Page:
San Diego city leaders’ recent decision to raise water rates has led to concerns about the impact of water prices on the local economy.
“We believe that the price will continue to rise,” said Brian Thomas, assistant general manager and chief financial officer for The Metropolitan Water District of Southern California, which supplies most of the region’s water. Despite recent increases, Thomas said the district has “not been collecting the full cost of service.”
Mario Lewis, owner of Imperial Barber Shop in San Diego, said the price increases are “going to really hurt my business.”
Lewis, who said his business has six employees, noted that he may have to pass the cost on to the customer by raising prices or might have to reduce services. The shop has already cut back on hair washing and hot steam after shaves; previously, the steam was included with the $20 service.
The San Diego City Council voted 6-2 on Jan. 24 to increase water rates by 5.9 percent beginning in March. Metropolitan expects that water rates must rise again in 2012 by 7.5 percent.
The San Diego County Water Authority has voted to delay 11 pending projects, including new pump stations and pipeline expansions, to July 2014 or later. This action postpones $82 million in costs and will help moderate Water Authority rate increases in 2012 and 2013, according to the independent public agency that serves as the region’s water wholesaler.
The best hope for water users will come when all the agencies involved in the sector begin to develop a new decision-making approach by working together, said Mark Pisano, a senior fellow at The University of Southern California’s School of Policy, Planning and Development and former longtime executive director of the Southern California Association of Governments.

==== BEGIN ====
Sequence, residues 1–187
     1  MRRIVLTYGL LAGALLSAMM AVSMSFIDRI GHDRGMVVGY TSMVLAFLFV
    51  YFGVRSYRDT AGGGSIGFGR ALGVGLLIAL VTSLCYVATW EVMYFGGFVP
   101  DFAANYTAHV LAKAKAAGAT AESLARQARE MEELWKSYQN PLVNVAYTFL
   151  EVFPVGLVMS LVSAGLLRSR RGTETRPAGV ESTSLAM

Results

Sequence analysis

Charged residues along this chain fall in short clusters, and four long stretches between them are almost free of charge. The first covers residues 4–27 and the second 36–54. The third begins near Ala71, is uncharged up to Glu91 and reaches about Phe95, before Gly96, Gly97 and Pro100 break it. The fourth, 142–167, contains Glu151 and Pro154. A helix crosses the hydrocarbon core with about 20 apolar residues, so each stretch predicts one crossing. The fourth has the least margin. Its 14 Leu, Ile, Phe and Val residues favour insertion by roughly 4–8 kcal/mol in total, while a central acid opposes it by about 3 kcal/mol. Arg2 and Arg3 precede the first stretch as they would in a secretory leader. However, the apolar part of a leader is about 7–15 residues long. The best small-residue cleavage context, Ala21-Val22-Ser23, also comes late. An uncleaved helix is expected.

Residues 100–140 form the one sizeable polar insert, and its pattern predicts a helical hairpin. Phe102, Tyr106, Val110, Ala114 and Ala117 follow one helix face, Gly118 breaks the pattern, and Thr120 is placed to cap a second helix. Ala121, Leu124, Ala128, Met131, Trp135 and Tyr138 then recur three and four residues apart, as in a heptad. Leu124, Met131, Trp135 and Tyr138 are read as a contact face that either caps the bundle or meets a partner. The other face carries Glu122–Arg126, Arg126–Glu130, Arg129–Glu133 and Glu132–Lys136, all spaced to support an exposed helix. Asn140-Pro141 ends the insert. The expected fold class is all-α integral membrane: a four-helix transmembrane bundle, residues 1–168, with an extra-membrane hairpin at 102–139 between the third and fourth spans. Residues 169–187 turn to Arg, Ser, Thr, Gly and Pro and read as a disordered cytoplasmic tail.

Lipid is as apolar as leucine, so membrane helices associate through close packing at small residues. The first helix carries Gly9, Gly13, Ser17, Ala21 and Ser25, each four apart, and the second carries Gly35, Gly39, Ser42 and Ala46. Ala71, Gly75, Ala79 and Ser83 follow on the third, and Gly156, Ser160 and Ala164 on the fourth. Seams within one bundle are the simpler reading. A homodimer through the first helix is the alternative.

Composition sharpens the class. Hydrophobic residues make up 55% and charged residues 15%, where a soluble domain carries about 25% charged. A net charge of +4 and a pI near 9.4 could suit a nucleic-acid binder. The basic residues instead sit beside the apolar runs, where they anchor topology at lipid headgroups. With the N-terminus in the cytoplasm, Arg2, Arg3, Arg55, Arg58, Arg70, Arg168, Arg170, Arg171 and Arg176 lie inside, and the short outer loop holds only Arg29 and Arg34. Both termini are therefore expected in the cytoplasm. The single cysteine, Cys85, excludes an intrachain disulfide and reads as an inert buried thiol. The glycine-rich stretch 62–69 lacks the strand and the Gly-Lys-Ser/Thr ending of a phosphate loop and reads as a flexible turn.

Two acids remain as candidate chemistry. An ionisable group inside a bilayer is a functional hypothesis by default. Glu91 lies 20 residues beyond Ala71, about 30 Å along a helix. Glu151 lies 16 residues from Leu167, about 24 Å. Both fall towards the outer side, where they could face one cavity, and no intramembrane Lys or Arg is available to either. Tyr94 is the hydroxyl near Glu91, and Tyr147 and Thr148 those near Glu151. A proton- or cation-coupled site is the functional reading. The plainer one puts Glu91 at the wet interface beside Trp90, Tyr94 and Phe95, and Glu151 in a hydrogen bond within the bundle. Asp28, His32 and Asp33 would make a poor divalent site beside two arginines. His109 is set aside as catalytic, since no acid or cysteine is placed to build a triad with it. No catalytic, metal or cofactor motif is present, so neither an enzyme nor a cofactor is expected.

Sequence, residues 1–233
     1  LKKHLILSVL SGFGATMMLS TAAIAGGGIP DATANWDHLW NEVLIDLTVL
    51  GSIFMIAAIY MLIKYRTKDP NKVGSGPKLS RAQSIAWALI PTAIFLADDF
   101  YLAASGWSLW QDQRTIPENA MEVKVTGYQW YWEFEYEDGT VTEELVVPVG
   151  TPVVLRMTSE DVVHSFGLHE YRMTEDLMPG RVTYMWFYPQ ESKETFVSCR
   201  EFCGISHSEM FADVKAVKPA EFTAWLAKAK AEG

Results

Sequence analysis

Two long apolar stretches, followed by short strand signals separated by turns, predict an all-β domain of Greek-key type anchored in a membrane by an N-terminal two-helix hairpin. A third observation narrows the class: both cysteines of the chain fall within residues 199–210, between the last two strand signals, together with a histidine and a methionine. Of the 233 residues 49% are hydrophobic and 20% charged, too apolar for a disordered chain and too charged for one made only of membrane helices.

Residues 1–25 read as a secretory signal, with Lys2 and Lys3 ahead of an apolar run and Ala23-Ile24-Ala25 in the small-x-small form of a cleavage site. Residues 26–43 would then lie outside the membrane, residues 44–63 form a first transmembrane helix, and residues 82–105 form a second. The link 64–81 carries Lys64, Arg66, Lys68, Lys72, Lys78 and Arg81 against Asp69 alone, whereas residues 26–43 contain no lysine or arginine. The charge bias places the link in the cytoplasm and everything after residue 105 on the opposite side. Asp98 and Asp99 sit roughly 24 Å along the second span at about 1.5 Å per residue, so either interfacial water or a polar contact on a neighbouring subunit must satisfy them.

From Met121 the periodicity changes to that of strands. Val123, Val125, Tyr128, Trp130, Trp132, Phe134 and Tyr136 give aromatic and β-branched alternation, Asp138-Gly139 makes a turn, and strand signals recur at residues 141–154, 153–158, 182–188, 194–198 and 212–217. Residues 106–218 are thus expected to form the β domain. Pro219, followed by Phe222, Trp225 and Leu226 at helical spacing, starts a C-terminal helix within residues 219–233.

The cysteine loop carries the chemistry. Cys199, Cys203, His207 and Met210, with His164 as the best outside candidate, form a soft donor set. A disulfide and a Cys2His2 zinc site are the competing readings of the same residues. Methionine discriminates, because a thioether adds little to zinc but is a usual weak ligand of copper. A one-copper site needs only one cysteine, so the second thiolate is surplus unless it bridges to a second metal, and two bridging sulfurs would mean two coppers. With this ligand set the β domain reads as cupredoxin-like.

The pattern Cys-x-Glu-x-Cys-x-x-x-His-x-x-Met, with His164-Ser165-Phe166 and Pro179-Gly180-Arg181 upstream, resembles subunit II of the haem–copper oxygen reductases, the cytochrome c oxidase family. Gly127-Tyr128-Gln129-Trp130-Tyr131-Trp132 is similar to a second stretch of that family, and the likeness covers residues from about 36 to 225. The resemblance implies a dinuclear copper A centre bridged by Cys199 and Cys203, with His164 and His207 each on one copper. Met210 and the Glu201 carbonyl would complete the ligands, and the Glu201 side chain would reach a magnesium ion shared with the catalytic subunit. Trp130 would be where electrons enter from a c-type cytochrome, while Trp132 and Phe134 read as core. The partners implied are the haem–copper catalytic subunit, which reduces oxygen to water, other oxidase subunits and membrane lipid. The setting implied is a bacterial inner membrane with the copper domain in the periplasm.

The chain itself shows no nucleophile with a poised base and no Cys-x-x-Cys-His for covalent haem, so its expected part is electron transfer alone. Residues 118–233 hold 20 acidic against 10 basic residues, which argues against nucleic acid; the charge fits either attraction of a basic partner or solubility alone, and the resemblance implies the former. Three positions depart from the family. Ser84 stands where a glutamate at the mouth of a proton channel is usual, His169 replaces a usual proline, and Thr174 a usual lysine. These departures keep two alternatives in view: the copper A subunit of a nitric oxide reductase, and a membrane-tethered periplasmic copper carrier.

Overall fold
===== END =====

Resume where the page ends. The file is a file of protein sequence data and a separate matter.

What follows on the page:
“The main reason prices are going up is we haven’t permitted us to think of water as one and manage water as one,” said Pisano, who also worked as director of the U.S. Environmental Protection Agency’s Water Quality Planning Division. “What we do is manage pieces of the system.”
Pisano said that agencies and policymakers need to develop a new framework that will allow these disparate groups to work together and build strategies that will help lower costs.
Discord does exist among water agencies.
The San Diego County Water Authority has filed a lawsuit against the Metropolitan Water District related to the fairness of the district’s water rate structure. The Water Authority alleges that Metropolitan misallocates the cost of its water supply to entities that pay a transportation rate to move the water, said Dennis Cushman, the Water Authority’s assistant general manager.
“We’re paying too much than should be legally charged,” Cushman said.
Thomas said Metropolitan disagrees with the Water Authority’s position and that Metropolitan’s 25 other member public agencies, including the City of Los Angeles and Municipal Water District of Orange County, support the district’s rate structure.
Reasons for the Increases
Thomas said the rising cost is due to water becoming scarcer, the need to replace and repair aging infrastructure to ensure reliable water supply, and improvements required to maintain the quality of water to meet state and federal restrictions. He said Metropolitan has been trying to mitigate increases by using reserves.
Affordable water is important in planning for the city’s future, said Lisa Bicker, president of CleanTech San Diego, a nonprofit trade group dedicated to accelerating San Diego’s transition to a clean energy economy.
“The relationship between water and energy is clear and critical,” Bicker said. “The more we can do to create rational pricing structures, the better.”
Marisa Agha is a freelance writer for the San Diego Business Journal.